West Philippine Sea

Philippines files protest vs China over ‘aggressive’ acts in Ayungin resupply

Bea Cupin

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Philippines files protest vs China over ‘aggressive’ acts in Ayungin resupply

CHINESE HARASSMENT. The China Coast Guard brandishes weapons, uses sirens, and threatens Filipino soldiers already moored alongside the BRP Sierra Madre during a June 17, 2024 resupply mission in Ayungin Shoal.

Armed Forces of the Philippines

The Philippines' defense chief described Chinese actions on June 17 as an 'aggressive and illegal use of force'

MANILA, Philippines – The Philippines filed a protest over China’s disruption of a June 17 resupply mission to a military outpost in the West Philippine Sea, Foreign Affairs Secretary Enrique Manalo told reporters Wednesday, June 26.

Manalo said that a note verbale had been sent by the Philippines.

Philippines files protest vs China over ‘aggressive’ acts in Ayungin resupply

“We have already sent a note verbale,” Manalo told reporters on the sidelines of the East-West Center’s International Media Conference in Manila.

He did not say when it was filed, or what the diplomatic note contained. Rappler learned that the Philippines made démarches after the June 17 incident, both in Manila and in Bejing. A démarche is a petition or protest presented through diplomatic channels.

The DFA, which is tasked with filing official diplomatic protests, has yet to receive from responsible agencies official reports of the June 17 incident, Rappler learned.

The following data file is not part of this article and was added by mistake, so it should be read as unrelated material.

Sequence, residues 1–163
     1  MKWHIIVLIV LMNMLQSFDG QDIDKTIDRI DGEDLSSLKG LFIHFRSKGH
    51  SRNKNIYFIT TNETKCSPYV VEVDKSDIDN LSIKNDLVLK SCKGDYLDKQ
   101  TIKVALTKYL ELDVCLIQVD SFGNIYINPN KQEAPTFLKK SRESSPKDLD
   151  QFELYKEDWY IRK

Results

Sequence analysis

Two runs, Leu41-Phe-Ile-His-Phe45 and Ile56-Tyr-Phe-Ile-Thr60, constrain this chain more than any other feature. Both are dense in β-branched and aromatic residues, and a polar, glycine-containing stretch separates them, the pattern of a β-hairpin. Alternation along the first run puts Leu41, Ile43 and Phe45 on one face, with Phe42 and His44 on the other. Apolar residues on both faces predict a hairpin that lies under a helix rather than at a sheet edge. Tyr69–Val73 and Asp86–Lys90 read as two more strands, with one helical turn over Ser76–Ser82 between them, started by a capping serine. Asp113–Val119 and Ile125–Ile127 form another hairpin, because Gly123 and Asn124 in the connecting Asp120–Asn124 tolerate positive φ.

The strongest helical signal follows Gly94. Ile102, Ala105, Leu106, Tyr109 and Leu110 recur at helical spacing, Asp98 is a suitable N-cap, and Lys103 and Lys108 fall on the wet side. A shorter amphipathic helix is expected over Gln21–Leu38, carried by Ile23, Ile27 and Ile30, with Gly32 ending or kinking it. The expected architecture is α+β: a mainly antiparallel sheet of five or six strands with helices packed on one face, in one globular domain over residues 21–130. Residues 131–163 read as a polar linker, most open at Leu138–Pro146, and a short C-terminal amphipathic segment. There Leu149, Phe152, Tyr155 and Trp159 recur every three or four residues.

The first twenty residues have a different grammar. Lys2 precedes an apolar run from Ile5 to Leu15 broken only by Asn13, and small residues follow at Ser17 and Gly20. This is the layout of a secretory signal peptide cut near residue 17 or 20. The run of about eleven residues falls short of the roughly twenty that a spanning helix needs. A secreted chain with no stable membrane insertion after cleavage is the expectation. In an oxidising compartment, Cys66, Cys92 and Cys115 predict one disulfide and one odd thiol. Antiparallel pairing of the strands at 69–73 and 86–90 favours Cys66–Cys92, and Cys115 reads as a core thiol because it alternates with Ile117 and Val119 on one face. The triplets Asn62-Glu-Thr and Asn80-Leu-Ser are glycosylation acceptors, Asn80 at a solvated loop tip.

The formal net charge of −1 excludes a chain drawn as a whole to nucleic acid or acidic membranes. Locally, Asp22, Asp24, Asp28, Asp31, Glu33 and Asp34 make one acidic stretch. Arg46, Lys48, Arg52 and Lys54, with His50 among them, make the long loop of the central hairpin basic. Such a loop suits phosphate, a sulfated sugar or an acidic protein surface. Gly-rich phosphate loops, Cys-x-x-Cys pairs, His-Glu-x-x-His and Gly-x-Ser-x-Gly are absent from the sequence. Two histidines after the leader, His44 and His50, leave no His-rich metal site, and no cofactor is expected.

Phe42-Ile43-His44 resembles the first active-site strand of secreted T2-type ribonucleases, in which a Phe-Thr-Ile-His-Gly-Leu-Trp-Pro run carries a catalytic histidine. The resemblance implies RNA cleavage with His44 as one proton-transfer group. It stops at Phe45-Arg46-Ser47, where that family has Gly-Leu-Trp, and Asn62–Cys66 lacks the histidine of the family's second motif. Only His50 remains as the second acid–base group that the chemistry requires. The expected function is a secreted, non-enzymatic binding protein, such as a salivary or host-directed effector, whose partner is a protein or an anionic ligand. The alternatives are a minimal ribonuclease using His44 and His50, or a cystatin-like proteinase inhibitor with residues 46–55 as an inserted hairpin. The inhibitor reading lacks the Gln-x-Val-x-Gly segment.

Over a week ago, the China Coast Guard (CCG) stopped a Philippine military rotation and resupply mission to the BRP Sierra Madre in Ayungin Shoal in the West Philippine Sea. One soldier lost his right thumb during the melee, which happened right below the still-commissioned Navy warship, where two Navy rigid hull inflatable boats (RHIBs) were already moored.

Video clips from the Philippine military showed CCG personnel brandishing bladed weapons, using sirens, hitting, and trying to tow away Philippine Navy RHIBs during the mission. Seaman First Class Underwater Operator Jeffrey Facundo, a Naval Special Operations Command (NAVSOCOM or NAVSOG) soldier, who lost his right thumb when the Chinese rammed one of their vessels at high speed, said the Chinese harassment persisted hours after the initial disturbance, as the CCG initially blocked his medical evacuation.

The Philippines, through Executive Secretary Lucas Bersamin, the chair of the National Maritime Council, initially described the June 17 incident as “probably a misunderstanding, or an accident.” Manila has since walked back on that description, with Defense Secretary Gibo Teodoro now calling the incident a “aggressive and illegal use of force” and “deliberate act of the Chinese officialdom to prevent us from completing our mission.”

The BRP Sierra Madre is a warship that was purposefully run aground in 1999, in response to China’s expansion in nearby Mischief Reef. It has since become a flashpoint for tensions in the West Philippine Sea, or part of the South China Sea that includes the Philippines’ exclusive economic zone (EEZ).

China claims a huge part of the South China Sea as its own, despite a 2016 Arbitral Ruling that affirmed the Philippines’ EEZ. Ayungin or Second Thomas Shoal is a feature located just over 100 nautical miles away from mainland Palawan, which means it is well within the Philippine EEZ. – Rappler.com

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Bea Cupin

Bea is a senior multimedia reporter who covers national politics. She's been a journalist since 2011 and has written about Congress, the national police, and the Liberal Party for Rappler.